A Case Study of Social Enterprise Adoption of Sustainable Business Model Innovations
: Shining a light on Sub Saharan Africa’s energy sector at the BoP

Student thesis: Doctoral Thesis


Only 25% of rural Sub Saharan Africans have access to electricity despite progress towards the universal target, established under Sustainable Development Goal (SDG) 7. Off-grid solutions, cheaper than grid-extensions, have advanced tremendously, but some businesses choose to serve wealthier people in society, excluding people living at the Base of the economic Pyramid (BoP), in remote rural areas. Social enterprises, lauded for their ability to create social and economic value, are urged to help reach SDG7. Adoption of sustainable business model innovations (SBMI) is considered critical for attainment of SDG7, but there has been little research into use of SBMI by social enterprises working to alleviate energy poverty in Sub Saharan Africa (SSA). Adopting a longitudinal qualitative case study approach, this research investigates a social enterprise’s SBMIs to provide access to renewable energy to people at the BoP in rural Zambia. The study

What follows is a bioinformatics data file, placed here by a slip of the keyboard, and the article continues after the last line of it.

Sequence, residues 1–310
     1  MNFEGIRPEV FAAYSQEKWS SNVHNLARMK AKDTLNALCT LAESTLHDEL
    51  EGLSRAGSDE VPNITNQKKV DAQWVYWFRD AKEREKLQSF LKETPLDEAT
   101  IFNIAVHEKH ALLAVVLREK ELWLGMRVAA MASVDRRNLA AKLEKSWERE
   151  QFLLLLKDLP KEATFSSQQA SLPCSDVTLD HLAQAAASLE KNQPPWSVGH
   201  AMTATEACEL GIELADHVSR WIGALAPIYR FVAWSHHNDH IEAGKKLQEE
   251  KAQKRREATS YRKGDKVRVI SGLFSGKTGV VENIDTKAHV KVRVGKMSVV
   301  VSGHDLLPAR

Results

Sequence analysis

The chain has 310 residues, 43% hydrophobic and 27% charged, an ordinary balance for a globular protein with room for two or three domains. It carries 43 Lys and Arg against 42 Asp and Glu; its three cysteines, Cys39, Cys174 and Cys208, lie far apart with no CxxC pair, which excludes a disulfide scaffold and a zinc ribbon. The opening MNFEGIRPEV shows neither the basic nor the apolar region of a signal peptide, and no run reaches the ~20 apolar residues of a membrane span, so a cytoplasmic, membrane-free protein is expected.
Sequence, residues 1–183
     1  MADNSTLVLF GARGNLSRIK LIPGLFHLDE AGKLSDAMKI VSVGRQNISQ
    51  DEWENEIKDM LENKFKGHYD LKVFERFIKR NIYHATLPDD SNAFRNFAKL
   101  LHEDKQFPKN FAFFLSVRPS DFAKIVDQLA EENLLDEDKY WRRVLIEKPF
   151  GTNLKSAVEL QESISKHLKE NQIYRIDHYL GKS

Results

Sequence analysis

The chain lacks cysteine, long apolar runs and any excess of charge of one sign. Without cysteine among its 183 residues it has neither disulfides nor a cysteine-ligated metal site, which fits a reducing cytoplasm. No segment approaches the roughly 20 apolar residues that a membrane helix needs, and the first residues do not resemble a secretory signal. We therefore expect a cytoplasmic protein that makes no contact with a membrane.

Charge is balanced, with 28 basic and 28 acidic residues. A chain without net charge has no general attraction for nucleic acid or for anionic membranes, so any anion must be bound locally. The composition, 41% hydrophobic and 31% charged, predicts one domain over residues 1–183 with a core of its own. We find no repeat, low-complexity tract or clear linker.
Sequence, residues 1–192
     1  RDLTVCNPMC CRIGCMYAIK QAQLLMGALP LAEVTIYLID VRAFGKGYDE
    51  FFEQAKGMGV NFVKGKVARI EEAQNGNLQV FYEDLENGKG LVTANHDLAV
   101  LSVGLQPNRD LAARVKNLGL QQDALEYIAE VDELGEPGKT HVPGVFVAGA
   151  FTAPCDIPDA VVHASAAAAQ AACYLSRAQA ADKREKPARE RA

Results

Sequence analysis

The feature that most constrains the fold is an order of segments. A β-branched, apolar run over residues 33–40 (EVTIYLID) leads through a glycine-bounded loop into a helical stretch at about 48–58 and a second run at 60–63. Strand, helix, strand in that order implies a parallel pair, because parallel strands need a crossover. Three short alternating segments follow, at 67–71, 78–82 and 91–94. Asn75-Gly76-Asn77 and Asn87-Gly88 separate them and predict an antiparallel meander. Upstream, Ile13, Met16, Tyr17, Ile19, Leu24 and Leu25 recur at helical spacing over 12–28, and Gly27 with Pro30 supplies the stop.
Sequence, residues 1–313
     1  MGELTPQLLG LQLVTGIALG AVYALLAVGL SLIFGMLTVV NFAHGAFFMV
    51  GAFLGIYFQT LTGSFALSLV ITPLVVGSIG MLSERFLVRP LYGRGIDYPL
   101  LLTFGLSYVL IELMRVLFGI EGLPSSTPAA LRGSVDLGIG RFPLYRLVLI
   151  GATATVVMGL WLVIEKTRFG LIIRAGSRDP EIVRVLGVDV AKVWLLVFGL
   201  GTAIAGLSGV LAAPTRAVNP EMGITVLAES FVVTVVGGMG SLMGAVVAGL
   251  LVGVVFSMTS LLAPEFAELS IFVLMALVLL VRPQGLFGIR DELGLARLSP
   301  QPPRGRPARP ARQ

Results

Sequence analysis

contributes to theory and practice, demonstrating how social enterprises can maintain a focus upon provision of social value, while avoiding mission drift that is inherent in seeking to concurrently create economic value through revenue generation. Use of multiple sources of revenue and adoption of a variety of innovative routes to market has allowed the social enterprise to maintain its social-value driven mission. A number of challenges are identified, including the ecosystems in which social enterprises operate, their need to carefully navigate them, and the importance of differentiating between them. In conclusion, this research makes three incremental contributions, advancing theoretical understanding, as well as practical knowledge. It also provides empirical evidence from SSA which continues to be under reported in the business and management, social enterprise and BoP literature. The thesis concludes with recommendations for future research avenues to help ensure that those at the BoP are not left underserved.
Date of Award8 Feb 2023
Original languageEnglish
SupervisorMorven McEachern (Main Supervisor) & Kweku Adams (Co-Supervisor)

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